The U.S. Pharmacopeial Convention and the Chinese Pharmacopoeia Commission have signed a Memorandum of Understanding with the purpose of working together to strengthen the quality of medicines and foods in the United States and China.
Roger L. Williams, M.D., USP executive vice president and CEO, and Wu Zhen, secretary-general of ChP and deputy commissioner of China's State Food and Drug Administration, signed the MOU at USP's headquarters in the United States.
"USP is pleased to partner with the Chinese Pharmacopoeia Commission on this Memorandum of Understanding," said Dr. Williams. "This agreement represents our combined commitment to improving patient care and advancing the public health in the United States and China through rigorous quality standards for medicines." The agreement is a renewal of a prior agreement that had been in place for several years.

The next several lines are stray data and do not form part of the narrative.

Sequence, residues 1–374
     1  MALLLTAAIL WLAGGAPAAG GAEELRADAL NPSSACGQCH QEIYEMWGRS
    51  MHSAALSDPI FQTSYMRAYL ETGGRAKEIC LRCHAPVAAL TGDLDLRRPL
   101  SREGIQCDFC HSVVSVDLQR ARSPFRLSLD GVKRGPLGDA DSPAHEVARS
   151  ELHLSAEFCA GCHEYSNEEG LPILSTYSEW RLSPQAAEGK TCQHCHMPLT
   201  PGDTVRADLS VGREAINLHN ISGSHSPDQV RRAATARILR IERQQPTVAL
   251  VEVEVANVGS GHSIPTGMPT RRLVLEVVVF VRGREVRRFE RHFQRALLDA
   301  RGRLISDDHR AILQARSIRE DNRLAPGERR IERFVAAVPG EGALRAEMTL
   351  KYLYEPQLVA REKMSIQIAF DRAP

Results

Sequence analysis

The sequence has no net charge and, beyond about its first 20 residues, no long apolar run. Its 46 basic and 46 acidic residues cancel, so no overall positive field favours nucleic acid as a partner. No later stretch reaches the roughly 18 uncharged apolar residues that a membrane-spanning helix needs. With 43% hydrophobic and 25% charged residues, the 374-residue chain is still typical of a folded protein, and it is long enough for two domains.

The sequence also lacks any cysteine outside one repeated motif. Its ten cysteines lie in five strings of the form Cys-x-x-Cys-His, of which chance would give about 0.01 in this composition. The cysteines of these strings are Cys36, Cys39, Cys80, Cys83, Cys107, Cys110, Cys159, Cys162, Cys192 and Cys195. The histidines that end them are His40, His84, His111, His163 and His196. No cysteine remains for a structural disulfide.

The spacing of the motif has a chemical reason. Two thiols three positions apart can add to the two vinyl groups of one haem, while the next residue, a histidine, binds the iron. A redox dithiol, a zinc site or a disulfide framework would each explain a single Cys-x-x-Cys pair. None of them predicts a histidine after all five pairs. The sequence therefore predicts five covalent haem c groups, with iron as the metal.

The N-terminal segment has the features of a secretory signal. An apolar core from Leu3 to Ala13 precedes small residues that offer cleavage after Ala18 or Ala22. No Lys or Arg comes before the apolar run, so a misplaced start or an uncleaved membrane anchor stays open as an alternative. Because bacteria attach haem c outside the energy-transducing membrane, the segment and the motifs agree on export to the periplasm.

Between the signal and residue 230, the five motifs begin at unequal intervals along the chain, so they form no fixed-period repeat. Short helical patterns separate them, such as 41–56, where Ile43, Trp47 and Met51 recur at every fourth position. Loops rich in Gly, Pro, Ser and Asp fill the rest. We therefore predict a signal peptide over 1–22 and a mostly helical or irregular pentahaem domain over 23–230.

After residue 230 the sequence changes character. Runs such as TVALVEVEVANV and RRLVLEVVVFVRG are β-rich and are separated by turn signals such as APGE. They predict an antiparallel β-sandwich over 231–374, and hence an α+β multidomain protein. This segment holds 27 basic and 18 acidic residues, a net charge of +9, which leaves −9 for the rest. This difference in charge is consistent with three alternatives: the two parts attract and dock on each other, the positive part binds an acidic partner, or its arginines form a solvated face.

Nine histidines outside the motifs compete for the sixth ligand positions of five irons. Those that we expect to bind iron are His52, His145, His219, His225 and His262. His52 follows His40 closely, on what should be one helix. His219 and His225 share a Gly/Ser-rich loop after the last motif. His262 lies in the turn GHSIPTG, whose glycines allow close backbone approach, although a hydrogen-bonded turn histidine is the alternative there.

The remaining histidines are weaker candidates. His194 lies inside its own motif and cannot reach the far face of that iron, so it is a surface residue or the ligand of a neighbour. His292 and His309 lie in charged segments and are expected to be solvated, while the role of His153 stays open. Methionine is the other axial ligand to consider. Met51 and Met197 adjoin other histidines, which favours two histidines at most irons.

To strengthen documentary and physical standards, the MOU says USP and ChP will develop processes to update existing monograph standards and acquire new monographs. To advance the availability of good quality pharmaceutical ingredients in China and the United States for export, USP and ChP will explore ways to develop approaches to allow review, testing and audits of manufacturers of ingredients imported into China and those manufacturing for export from China to the United States.
USP sets federally recognized standards for the quality, purity and strength of prescription and over-the-counter medications sold in the United States, as well as widely recognized standards for dietary supplements and food ingredients. ChP holds legal responsibility in China for creating and revising national medicine standards, including traditional Chinese medicines. Some TCM products may be considered both drugs in the United States and dietary supplements.